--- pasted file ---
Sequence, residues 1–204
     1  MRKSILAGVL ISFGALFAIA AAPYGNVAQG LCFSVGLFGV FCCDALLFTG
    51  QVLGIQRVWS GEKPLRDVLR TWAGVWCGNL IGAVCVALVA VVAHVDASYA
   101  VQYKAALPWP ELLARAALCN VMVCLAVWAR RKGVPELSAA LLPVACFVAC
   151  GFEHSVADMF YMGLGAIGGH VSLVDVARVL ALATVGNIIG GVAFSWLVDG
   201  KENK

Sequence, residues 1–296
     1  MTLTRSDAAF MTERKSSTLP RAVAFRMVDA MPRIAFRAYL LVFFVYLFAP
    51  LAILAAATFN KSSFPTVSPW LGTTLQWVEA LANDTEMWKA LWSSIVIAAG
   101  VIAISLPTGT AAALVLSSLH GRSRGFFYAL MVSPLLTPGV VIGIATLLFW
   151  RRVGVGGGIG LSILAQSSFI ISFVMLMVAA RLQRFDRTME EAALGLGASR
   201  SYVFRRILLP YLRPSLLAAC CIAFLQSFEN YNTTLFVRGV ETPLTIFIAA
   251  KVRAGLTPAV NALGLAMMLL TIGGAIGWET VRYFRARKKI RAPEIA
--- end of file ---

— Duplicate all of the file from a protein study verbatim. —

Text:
Sequence, residues 1–204
     1  MRKSILAGVL ISFGALFAIA AAPYGNVAQG LCFSVGLFGV FCCDALLFTG
    51  QVLGIQRVWS GEKPLRDVLR TWAGVWCGNL IGAVCVALVA VVAHVDASYA
   101  VQYKAALPWP ELLARAALCN VMVCLAVWAR RKGVPELSAA LLPVACFVAC
   151  GFEHSVADMF YMGLGAIGGH VSLVDVARVL ALATVGNIIG GVAFSWLVDG
   201  KENK

Sequence, residues 1–296
     1  MTLTRSDAAF MTERKSSTLP RAVAFRMVDA MPRIAFRAYL LVFFVYLFAP
    51  LAILAAATFN KSSFPTVSPW LGTTLQWVEA LANDTEMWKA LWSSIVIAAG
   101  VIAISLPTGT AAALVLSSLH GRSRGFFYAL MVSPLLTPGV VIGIATLLFW
   151  RRVGVGGGIG LSILAQSSFI ISFVMLMVAA RLQRFDRTME EAALGLGASR
   201  SYVFRRILLP YLRPSLLAAC CIAFLQSFEN YNTTLFVRGV ETPLTIFIAA
   251  KVRAGLTPAV NALGLAMMLL TIGGAIGWET VRYFRARKKI RAPEIA